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Title:
DOOR COMPRISING VENTED STILE, AND METHOD OF MAKING THE SAME
Document Type and Number:
WIPO Patent Application WO/2020/247427
Kind Code:
A1
Abstract:
A door includes a first skin, a second skin, two stiles, a core, and a gas permeable membrane. The first skin provides a first outer door surface. The second skin provides a second outer door surface. The two stiles are disposed at least partially between the first skin and the second skin. At least one stile defines a vent therein. The core comprises a foam material and is disposed between the first skin and the second skin. The gas permeable membrane, which is permeable to gas but not to the precursors of a foam material, is disposed on the at least one stile covering the vent. The gas permeable membrane contacts the foam material in the core, and separate the foam material in the core from the vent.

Inventors:
JOHNSON SCOTT EVERT (US)
WANG SHIRLEY (US)
GARRETT JARED ANDREW (US)
Application Number:
US2020/035823
Publication Date:
December 10, 2020
Filing Date:
June 03, 2020
Export Citation:
Click for automatic bibliography generation   Help
Assignee:
PLASTPRO 2000 INC (US)
International Classes:
E06B3/70
Foreign References:
US20010045080A12001-11-29
KR200351876Y12004-06-01
US20100180526A12010-07-22
US20100281787A12010-11-11
US20110120044A12011-05-26
Attorney, Agent or Firm:
LUO, Jiazhong et al. (US)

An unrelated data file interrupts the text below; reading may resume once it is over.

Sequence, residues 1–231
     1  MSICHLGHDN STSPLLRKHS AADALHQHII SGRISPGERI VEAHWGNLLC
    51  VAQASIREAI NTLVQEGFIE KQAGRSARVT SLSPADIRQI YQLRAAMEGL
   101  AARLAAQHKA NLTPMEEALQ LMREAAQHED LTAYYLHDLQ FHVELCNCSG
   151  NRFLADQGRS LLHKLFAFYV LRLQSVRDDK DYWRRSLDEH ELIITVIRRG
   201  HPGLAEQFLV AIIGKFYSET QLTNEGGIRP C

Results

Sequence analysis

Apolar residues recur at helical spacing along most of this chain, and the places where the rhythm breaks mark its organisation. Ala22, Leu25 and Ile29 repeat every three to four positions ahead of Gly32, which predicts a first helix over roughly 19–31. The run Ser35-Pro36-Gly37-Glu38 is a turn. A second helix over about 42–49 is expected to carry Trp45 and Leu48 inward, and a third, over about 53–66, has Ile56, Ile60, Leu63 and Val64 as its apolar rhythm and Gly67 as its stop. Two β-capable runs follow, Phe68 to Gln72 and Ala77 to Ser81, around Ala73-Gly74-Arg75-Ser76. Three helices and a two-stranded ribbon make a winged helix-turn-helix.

Download PDF:
Claims:
What is claimed is:

1. A door comprising:

a first skin providing a first outer door surface;

a second skin providing a second outer door surface;

two stiles aligned in parallel along a first direction and disposed at least partially between the first skin and the second skin, wherein at least one stile defines a vent therein; and

a gas permeable membrane disposed on the at least one stile, the gas permeable membrane covering the vent.

2. The door of claim 1, further comprising a core comprising a foam material disposed between the first skin and the second skin, the gas permeable membrane contacting the core.

3. The door of claim 1, wherein the vent is along a longitudinal direction of the at least one stile defining the vent.

4. The door of claim 1, further comprising two rails aligned in parallel along a second direction, the second direction is perpendicular to the first direction.

5. The door of claim 4, wherein at least one of the two rails defines a first through hole along the first direction, which is connected to the vent. 6 The door of claim 5, wherein the at least one of the two rails defines a second through hole along the first direction, which is connected to the core.

7. The door of claim 6, wherein the at least one of the two rails defines a third through hole, and a tube extending from the third through hole into the foam material in the core.

8. The door of claim 7, wherein each of the first, second, and third through holes is filled with the foam material or a sealant.

9. The door of claim 1, wherein the gas permeable membrane includes a non-woven polymer backing providing gas permeability, and is selectively coated with an adhesive in areas contacting the at least one stile on a first side of the gas permeable membrane.

10. The door of claim 1, further comprising a glazing unit having at least glass pane mechanically coupled with the first skin and the second skin.

11. A vented building component, comprising:

a body extending from a first end to a second end and having a first side, the first side defining a vent along at least a length thereof that extends to the first side; and

a gas permeable membrane affixed to the first side of the body such that the gas permeable membrane covers the vent along the first side of the body.

12. The vented building component of claim 11, wherein the vented building component is a vented stile or rail for a door.

13. The vented building component of claim 11, wherein the gas permeable membrane includes a non-woven polymer backing providing gas permeability.